The degree of urinary hypercortisolism is not correlated with the severity of cushing’s syndrome

Marco Calogero Amato, Roberto Citarrella, Alessandro Ciresi, Valentina Guarnotta, Carla Giordano, Annamaria Colao, Laura Trementino, Chiara Simeoli, Davide Iacuaniello, Giorgio Arnaldi, Grazia Michetti, Rosario Pivonello

Risultato della ricerca: Articlepeer review

21 Citazioni (Scopus)

Abstract

Cushing syndrome (CS) is characterized by increased morbidity and mortality compared to the general population. However, there are patients who have moreclinical aggressive forms than others. Aim of the study is to evaluate whether the degree of hypercortisolism, defined by the number of times urinary free cortisol (UFC) levels exceed the upper limit of the normal range (ULN), is related to the worsening of phenotypic features, as well as metabolic and cardiovascular parameters, in a cohort of CS patients. A cross-sectional study was conducted on 192 patients with active CS, consecutively presenting at the outpatients’ clinic of the University Hospitals of Ancona, Naples, and Palermo. Patients were grouped into mild (UFC not exceeding twice the ULN), moderate (2–5 times the ULN), and severe (more than 5 times the ULN) hypercortisolism. Thirty-sevenpatients (19.3 %) had mild, 115 (59.8 %) moderate, and 40 (20.9 %) severe hypercortisolism. A significant trend of increase among the three groups was demonstrated for 8-, 16-, and 24-h serum cortisol levels (p.001) and serum cortisol after low dose of dexamethasone suppression test(p = 0.001). No significant trend of increase was found regarding phenotype and comorbidities. The degree of hypercortisolism by itself does not appear to be a sufficient parameter to express the severity of CS. Therefore, estimating the severity of CS according to biochemical parametersremains a challenge, while the clinical phenotype and the associated comorbidities might be more useful to assessing the severity of the CS.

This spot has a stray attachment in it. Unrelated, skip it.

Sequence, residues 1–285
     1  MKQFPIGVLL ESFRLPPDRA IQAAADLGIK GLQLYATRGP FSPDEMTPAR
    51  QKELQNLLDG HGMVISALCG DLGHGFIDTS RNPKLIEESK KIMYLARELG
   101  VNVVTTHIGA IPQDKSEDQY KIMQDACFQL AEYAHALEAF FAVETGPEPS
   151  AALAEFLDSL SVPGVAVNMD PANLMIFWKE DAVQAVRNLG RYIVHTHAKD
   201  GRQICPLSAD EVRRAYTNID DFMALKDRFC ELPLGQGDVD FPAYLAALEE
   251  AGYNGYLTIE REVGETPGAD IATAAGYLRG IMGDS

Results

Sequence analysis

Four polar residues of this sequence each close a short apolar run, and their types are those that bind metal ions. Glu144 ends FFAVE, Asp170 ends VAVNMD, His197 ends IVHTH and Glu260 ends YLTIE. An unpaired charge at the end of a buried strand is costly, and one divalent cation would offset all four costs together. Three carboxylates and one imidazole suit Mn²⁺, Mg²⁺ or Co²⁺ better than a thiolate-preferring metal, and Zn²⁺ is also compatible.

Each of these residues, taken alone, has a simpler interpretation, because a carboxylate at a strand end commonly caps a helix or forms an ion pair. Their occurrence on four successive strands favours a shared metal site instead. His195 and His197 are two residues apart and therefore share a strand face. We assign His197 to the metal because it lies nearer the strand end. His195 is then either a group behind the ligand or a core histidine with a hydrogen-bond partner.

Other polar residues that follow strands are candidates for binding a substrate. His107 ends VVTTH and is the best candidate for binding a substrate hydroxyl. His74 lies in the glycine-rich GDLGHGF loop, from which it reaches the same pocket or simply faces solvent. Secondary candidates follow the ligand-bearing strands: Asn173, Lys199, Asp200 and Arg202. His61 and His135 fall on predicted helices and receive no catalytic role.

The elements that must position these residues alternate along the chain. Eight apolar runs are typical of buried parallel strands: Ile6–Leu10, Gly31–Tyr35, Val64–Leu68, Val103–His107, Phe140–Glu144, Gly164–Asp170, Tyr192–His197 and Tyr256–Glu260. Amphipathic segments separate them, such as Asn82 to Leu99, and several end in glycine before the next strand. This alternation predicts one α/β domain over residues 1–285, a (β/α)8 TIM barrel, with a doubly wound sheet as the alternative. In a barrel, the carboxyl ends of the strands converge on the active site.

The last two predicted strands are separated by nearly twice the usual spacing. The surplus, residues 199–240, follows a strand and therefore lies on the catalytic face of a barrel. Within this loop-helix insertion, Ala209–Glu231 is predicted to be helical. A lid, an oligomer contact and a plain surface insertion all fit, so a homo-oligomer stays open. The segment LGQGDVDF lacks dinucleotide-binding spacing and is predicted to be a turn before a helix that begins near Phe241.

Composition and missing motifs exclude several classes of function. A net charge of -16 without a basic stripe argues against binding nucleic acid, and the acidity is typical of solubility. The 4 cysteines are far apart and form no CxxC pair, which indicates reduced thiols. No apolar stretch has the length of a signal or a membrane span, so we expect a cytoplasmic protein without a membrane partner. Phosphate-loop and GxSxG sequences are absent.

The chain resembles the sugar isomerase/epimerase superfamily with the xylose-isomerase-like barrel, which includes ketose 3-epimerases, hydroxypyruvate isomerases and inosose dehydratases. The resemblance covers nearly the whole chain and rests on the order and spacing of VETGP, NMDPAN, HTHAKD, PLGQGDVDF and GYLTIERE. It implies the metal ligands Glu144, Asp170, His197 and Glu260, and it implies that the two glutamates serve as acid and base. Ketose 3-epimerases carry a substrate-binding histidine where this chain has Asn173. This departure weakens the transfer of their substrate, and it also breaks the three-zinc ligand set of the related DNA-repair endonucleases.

Lingua originaleEnglish
pagine (da-a)564-572
Numero di pagine9
RivistaENDOCRINE
Volume55
Stato di pubblicazionePublished - 2017

All Science Journal Classification (ASJC) codes

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  • ???subjectarea.asjc.1300.1310???

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